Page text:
Although it is true that most women could not legally vote until 1920, some women did legally vote and hold public office prior to 1920. Susanna M. Salter was elected Mayor of Argonia, Kansas, in 1887, and Jeannette Rankin of Montana was elected to Congress in 1916. In New York, Woodhull's state of residency, the state took away the right of propertied women to vote in 1777. In 1871, Woodhull went to the polls for a local election in New York and was allowed to register, but when she returned to vote, her ballot was refused by election officials. Some believe that when the 19th amendment passed giving women the right to vote, it implicitly gave women the right to run for President. For that reason, they contend Senator Margaret Chase Smith was the first woman to run for President in 1964 when she was put forward as a possible nominee at the Republican Party San Francisco convention. Smith is often called the first woman to be nominated for President by a major party, but the July 6, 1920 issue of the Bridgeport Connecticut Telegram reported that Laura Play and Cora Wilson Stuart of Kentucky were put forward as possible Presidential nominees at the Democratic Party San Francisco convention and received "the first vote cast for a woman in the convention of either of the two great parties."
This was the most cited legal impediment in the 19th century. Some of Woodhull's contemporaries believed that because she was a woman she was not a citizen and, therefore, not entitled to vote. Since the Constitution required that the President be a citizen, she would also be excluded from holding the office of President. Others believed women were citizens, but that the states had the right to limit the franchise to males only. Some Woodhull supporters believed that even if Woodhull could not vote legally, that would not have excluded her from running for public office. United States law has its roots in English common law, and under English common law, there was an established precedence of women holding public office.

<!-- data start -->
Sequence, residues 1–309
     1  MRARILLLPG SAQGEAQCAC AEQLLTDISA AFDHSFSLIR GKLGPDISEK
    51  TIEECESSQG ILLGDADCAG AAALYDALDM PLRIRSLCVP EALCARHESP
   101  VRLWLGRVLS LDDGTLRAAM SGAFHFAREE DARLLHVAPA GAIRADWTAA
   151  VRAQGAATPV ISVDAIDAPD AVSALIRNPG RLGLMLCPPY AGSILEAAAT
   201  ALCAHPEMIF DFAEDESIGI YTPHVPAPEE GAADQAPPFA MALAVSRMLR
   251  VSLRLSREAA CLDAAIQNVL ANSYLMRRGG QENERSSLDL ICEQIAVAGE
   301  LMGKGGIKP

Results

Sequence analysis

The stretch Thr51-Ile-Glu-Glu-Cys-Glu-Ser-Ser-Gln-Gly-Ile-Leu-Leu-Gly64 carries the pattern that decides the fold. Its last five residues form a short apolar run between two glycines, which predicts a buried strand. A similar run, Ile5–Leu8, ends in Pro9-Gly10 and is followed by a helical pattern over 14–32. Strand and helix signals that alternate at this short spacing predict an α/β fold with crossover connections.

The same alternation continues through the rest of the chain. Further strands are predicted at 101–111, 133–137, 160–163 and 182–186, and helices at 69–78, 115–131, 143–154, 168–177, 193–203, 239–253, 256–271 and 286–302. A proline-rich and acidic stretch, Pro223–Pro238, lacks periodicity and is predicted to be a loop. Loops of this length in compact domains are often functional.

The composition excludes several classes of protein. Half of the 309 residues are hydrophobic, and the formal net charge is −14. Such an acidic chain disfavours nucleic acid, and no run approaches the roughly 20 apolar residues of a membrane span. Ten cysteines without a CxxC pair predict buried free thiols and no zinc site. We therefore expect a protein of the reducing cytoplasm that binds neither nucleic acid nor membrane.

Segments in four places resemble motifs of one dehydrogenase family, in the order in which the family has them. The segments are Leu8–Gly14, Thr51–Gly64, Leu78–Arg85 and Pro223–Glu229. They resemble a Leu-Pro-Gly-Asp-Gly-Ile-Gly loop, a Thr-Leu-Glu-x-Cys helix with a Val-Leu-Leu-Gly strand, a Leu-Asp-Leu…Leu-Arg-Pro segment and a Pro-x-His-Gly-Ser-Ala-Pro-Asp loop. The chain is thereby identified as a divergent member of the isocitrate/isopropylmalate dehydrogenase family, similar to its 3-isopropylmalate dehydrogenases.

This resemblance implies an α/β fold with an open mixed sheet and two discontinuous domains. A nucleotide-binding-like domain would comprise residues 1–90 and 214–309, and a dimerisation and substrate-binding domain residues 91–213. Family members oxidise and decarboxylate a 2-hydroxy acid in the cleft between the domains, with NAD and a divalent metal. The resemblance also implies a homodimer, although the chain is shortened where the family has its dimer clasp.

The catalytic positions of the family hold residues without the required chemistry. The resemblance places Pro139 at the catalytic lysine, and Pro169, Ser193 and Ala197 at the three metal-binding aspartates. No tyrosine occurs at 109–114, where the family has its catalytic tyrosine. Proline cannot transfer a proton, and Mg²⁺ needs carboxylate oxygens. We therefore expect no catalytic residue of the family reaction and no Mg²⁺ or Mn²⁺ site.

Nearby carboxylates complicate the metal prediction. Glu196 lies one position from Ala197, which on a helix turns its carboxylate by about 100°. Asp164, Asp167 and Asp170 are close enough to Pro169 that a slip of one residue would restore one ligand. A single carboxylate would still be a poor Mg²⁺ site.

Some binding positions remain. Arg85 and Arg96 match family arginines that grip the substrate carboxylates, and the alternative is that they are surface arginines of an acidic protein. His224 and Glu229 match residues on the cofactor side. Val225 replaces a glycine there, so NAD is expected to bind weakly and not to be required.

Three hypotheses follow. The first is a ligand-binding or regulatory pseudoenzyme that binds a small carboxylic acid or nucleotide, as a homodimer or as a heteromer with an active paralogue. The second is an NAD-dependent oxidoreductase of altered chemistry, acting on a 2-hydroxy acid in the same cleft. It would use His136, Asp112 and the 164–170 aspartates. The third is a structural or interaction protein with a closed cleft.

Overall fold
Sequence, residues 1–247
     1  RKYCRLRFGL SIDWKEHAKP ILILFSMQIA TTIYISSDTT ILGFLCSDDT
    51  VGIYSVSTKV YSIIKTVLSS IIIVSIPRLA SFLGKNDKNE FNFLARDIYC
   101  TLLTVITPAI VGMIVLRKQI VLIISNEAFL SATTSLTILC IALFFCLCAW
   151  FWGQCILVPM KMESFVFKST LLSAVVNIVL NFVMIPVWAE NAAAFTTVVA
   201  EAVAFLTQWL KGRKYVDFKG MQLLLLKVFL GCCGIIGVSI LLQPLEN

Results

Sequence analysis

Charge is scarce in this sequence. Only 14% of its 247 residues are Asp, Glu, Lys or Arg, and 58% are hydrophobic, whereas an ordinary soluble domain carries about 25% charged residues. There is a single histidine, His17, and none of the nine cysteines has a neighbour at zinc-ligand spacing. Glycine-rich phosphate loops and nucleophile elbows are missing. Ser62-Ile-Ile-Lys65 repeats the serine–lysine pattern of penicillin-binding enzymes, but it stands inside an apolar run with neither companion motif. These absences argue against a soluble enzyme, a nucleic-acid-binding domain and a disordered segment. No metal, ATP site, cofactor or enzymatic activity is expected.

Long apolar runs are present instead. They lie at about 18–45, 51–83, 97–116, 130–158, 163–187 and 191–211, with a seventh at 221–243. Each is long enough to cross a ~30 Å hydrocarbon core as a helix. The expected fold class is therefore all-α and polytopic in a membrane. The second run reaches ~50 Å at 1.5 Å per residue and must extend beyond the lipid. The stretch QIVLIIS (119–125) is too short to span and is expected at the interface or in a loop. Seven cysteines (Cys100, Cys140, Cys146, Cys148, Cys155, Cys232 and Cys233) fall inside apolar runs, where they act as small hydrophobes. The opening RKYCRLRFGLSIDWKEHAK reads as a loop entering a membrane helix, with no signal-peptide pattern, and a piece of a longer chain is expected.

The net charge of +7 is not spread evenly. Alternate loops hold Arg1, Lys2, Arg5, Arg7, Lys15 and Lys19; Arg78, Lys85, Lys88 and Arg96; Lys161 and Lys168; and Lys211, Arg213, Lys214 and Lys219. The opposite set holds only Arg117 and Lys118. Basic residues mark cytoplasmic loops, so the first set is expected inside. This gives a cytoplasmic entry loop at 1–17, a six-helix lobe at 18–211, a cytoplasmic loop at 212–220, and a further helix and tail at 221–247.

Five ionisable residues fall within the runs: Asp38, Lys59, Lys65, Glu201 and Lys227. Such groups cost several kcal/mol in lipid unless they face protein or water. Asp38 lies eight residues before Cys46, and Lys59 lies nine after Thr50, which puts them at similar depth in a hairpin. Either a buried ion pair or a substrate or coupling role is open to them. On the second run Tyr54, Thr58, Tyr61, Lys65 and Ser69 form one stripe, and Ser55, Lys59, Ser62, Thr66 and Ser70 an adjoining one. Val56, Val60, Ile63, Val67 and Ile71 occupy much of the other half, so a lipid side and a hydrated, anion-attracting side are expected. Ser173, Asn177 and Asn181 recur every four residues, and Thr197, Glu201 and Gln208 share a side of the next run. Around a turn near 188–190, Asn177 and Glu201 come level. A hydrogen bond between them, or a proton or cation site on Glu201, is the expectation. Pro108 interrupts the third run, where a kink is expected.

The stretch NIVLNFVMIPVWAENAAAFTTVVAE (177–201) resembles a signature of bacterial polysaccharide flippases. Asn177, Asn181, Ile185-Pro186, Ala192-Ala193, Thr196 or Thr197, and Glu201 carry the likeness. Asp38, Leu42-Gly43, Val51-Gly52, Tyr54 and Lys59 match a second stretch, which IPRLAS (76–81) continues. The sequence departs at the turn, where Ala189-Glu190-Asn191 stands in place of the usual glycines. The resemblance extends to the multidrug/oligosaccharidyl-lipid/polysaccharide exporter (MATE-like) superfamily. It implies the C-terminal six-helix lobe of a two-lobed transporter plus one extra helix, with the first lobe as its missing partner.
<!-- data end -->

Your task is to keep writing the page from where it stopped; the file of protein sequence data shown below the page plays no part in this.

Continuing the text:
It was not just her gender that made Woodhull's campaign notable; her association with Frederick Douglass stirred up controversy about the mixing of whites and blacks and fears of miscegenation. The Equal Rights Party hoped to use these nominations to reunite suffragists with civil rights activists, as the exclusion of female suffrage from the Fifteenth Amendment two years earlier had caused a substantial rift. The circumstances leading up to Woodhull's nomination had also created a rift between Woodhull and her former supporter Susan B. Anthony, and almost ended the collaboration of Anthony with Elizabeth Cady Stanton. Stanton, who had unsuccessfully run for Congress in New York in 1868, was more sympathetic to Woodhull. When Anthony cast her vote in the presidential election, she voted for Grant.